Back in July, we looked at the steps the government has been taking to tackle the stigma associated with social housing. We’ve also written several Advantage blog posts about the drive to build more affordable housing in the UK over the coming years.
However, it’s not all rosy in the world of social housing, with Inside Housing reporting that: Repairs and maintenance work on social housing has plummeted to a 20-year low, according to new figures.
A total of £7.1bn was spent on repairs and maintenance in the social housing sector in 2018, a fall of 24% since 1997, according to research by public sector procurement specialist Scape Group.
The report, titled The State of our Estates, found that in 1997, 32% of all housing repairs and maintenance work was carried out in the social sector, compared with 25% in 2018.
The analysis, based on government figures, also found that 36% of repairs and maintenance work in private and public sector homes in England over the past 20 years took place in London and the South East.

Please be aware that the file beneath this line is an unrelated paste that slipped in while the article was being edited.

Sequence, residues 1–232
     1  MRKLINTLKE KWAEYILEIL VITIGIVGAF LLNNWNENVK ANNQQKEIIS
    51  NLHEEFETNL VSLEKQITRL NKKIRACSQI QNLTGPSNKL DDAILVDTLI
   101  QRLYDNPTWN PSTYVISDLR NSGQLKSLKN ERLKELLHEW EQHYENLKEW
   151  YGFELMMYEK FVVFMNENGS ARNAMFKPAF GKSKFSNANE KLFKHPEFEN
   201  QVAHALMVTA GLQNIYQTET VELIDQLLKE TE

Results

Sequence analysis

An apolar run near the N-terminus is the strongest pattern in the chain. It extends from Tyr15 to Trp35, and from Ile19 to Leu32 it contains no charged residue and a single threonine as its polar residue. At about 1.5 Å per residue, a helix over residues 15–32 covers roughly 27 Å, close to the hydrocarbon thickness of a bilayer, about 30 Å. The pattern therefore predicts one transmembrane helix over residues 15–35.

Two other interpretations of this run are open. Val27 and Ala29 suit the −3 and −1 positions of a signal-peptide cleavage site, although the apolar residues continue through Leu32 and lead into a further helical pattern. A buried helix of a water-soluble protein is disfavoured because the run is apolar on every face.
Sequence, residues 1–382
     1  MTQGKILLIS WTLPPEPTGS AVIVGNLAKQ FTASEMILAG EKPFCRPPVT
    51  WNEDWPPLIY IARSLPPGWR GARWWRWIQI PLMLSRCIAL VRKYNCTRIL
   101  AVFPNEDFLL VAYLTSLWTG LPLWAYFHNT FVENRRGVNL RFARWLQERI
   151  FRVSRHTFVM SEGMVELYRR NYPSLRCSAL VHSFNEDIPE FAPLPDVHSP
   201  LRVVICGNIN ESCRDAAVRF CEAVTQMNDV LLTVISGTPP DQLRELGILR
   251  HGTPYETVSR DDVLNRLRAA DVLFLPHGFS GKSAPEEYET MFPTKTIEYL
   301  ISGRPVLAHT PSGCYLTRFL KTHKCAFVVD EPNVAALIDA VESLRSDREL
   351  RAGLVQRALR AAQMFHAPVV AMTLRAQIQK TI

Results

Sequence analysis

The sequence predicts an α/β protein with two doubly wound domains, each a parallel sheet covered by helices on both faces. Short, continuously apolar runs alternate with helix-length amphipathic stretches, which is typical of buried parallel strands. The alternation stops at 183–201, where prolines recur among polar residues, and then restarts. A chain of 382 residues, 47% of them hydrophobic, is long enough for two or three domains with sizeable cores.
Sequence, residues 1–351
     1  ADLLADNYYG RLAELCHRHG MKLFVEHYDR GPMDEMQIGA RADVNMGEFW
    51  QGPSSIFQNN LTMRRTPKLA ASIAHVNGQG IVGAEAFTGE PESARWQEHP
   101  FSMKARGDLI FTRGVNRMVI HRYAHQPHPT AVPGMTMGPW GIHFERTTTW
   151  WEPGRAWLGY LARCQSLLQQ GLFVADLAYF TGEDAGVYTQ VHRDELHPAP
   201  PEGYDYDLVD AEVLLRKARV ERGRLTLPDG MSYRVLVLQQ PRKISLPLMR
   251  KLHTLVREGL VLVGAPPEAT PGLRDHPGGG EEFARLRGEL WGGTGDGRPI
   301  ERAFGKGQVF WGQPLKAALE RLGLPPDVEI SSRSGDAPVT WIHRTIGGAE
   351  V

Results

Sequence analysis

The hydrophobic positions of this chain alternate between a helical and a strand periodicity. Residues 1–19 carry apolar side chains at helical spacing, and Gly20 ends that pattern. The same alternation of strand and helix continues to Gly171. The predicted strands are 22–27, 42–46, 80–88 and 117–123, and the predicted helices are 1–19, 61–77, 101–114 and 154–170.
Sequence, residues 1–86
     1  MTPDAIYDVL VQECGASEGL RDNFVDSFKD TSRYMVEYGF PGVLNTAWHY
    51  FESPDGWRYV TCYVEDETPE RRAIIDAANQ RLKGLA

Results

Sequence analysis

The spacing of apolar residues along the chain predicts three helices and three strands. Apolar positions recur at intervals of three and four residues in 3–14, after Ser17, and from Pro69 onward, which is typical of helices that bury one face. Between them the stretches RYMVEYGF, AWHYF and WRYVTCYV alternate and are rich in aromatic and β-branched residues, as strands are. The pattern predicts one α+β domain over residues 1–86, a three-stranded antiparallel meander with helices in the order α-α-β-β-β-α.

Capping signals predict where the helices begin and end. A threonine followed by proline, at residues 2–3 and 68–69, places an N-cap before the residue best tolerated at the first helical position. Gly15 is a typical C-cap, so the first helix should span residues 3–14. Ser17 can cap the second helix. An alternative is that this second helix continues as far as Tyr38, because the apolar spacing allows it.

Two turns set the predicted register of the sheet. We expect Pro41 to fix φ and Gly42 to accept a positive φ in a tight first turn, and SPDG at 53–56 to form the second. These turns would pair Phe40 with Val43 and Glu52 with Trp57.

The average spend on repairs and maintenance was highest in London at £1,481 per property, compared with £530 in the North East.
Mark Robinson, chief executive of Scape Group, said that the amount being spent is “not enough” and that “everyone deserves a home fit for purpose”.
“A concerning number of people live in substandard homes, which is affecting not only their physical and mental well-being, but their quality of life.”
In the same week that the figures regarding the fall in repairs and maintenance work on social housing were revealed, the Advantage team heard some more encouraging news from Manchester. Place North West reported that: Manchester City Council has detailed its proposal to grow its affordable housing offer from 5,000 to 6,400 by 2025.
The report, submitted to the economic scrutiny committee, is in response to the increasing number of people on Manchester’s housing register, which currently has 15,000 households, 5,000 of which are classified as ‘in housing need’.
The Advantage team will continue to look at the picture for social housing in the UK – from ambitious targets to rising and falling budgets and we’ll also bring you the latest news from the construction sector as a whole. Thank you for reading. We’ll be back soon with more industry news!
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